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Led a team of 5 to develop an end-to-end user experience by considering users and business needs.
It is a project that I conducted with Timeless Blossom which is a florist store located in San Diego.
Timeless Blossom is a flower catalog application for buying flowers. It allows users to:
Browse potted and bouquet flowers and order online.
Browse and filter their floral selection based on their own preferences.
Have a customized flower ordering experience.
Be educated with basic information about each flower.
How might we help users have a better experience of ordering customized flowers and tracking their order to know when their loved ones will receive the flower?
Can not customize their flower bouquets according to their preferences and style.
Bad experience with receiving smashed flowers, late delivery and not being able to track the order.
Have a lack of information about flowers' characters and longevity.
Have a lack of information about the proper space for the potted flower; is it proper for office space, apartments, or outdoors?
Timeless Blossoms app allows users to:
Customize their flower bouquets
See the real photos of the flowers and track their order.
Be able to learn more about the characteristic details and longevity of the flowers.
Find their flower quickly.
Landing, Sign in and Sign Up Screens
This screen was simply created to showcase the flower buying illustration and encourage users to click on Sign in, Sign up or Browse as a Guest button.
Homepage and Quick Flower Finder Screens
Users can easily select from popular flower categories or can fill out the questionnaire to quickly find their proper flower.
Flower details, and Flower Customization Screens
Users can see real photos of the flower bouquets, can learn more about the characteristics and longevity of the flowers and can customize the bouquet according to their preferences.
Tracking order, and Check out Screens
Users can easily track their order by clicking on the map icon and see the estimated delivery time of their order. Users can also contact the one that is bringing their order.
Understanding the Users
I started the user research process with primary research to deeply understand the users’ behaviors, needs, and frustrations.
I tried to have participants with diverse backgrounds, perspectives, and abilities to ensure that my design will be accessible and equitable. I interviewed 4 different participants. During the interview process, I tried to ask open-ended questions.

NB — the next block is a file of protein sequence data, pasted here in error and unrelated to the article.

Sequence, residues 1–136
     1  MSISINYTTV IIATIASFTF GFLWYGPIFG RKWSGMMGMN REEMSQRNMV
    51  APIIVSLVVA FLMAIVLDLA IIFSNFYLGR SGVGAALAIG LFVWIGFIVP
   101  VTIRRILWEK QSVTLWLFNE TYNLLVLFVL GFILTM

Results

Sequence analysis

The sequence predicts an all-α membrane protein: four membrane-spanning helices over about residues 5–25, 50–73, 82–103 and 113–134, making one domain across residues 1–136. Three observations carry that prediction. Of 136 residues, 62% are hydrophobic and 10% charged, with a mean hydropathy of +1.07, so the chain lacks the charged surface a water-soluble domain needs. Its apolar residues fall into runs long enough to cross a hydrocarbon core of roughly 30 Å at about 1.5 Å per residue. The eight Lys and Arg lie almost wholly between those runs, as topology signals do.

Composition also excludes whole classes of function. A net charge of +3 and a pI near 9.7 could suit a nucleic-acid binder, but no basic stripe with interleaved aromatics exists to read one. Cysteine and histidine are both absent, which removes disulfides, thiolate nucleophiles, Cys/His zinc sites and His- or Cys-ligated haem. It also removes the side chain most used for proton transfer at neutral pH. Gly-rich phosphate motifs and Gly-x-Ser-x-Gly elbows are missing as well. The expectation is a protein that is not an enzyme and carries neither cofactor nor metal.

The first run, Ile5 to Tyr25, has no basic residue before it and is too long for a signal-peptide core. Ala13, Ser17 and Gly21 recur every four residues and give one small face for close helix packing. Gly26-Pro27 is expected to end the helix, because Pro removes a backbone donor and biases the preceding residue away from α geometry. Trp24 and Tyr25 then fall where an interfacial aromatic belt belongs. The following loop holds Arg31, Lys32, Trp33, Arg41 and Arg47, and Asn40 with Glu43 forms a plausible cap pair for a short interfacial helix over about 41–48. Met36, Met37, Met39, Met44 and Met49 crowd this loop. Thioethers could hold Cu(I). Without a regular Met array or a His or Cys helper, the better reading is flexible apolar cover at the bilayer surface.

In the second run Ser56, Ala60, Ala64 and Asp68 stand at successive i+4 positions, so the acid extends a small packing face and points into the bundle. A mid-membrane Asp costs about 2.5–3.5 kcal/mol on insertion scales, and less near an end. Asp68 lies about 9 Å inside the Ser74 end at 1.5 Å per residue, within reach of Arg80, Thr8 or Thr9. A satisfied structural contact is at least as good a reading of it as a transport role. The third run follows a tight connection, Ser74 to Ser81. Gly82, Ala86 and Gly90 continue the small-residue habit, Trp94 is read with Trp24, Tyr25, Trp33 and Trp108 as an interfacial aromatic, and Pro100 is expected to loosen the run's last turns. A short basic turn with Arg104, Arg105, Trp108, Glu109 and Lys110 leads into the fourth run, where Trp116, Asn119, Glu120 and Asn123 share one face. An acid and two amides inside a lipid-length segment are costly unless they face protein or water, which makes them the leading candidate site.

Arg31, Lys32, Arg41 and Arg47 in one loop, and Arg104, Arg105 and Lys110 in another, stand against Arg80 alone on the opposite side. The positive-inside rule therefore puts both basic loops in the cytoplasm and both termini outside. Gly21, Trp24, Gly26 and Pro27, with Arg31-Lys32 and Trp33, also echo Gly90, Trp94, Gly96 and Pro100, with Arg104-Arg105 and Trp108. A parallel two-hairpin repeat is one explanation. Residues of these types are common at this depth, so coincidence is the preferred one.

User Interview (Primary Research)
I wanted to:
Understand the processes and emotions that people experience around the problem my product is trying to solve.
Understand common challenges users have with tasks that my product is trying to address.
Identify frustrations that users experience with the process of finding and ordering flowers for themselves or their loved ones.
Know what would they want to experience and what features they think are necessary to order flowers online.
"I can not find a functional online flower ordering app"
"My girlfriend always receives the flowers late"
"I can not customize my flower bouquets"
"I do not know which species of potted flower is proper for my office and my living room."
By identifying repeating complaints found in user interviews, I found out that users have different criteria to consider while ordering a flower for themselves or as a gift for their loved ones. So I clustered the user pain points and categorize them according to constraints they have while ordering for themselves and as a gift for their loved ones.
The following are the key insights that emerged:
Ordering for Themselves
Prefer buying potted flowers for their home or work environment.
Want to be acquainted with the longevity and caring tips.
Want to be acquainted that if the considered flower is proper for home, office, or outdoor environment.
The arrival time and the quality of the ordered flower is a crucial factor for users.
Ordering as a Gift
Prefer buying flower bouquets for special occasions.
Want to be able to customize their own flower bouquet.
Want to be acquainted with the longevity and caring tips.
They have a bad experience of receiving smashed flowers.
Key Experience Principles:
In order to better understanding the users' pain points and the challenges for the project. I tried to categorize the users' needs into three categories of principles; Education, Accuracy, Aesthetics.
The following are the key experience principles that need to be considered during the project:
Introducing in-depth information about longevity and caring tips of different flower species.
Introducing in-depth information about proper living space for that specific flower species.
The flower bouquets and potted flowers should be aesthetic.
The users should be able to change any bouquet according to his/her style.
Accuracy in information related to the flower’s longevity.
Accuracy in the date of delivery.
Accuracy in the photos of flowers on the app and the one that delivered.
After understanding users’ behaviors, frustration, and needs from one-on-one interviews. I conducted secondary research to validate user insights from primary research and create a stronger case for the overall design.
According to a National Retail Federation survey:
Users spent about $2.4 billion last year on buying flower bouquets on Mother’s Day.
Users think that prices are lower on the online website than walk-in flower shops.
Users prefer ordering flower bouquets online on special days.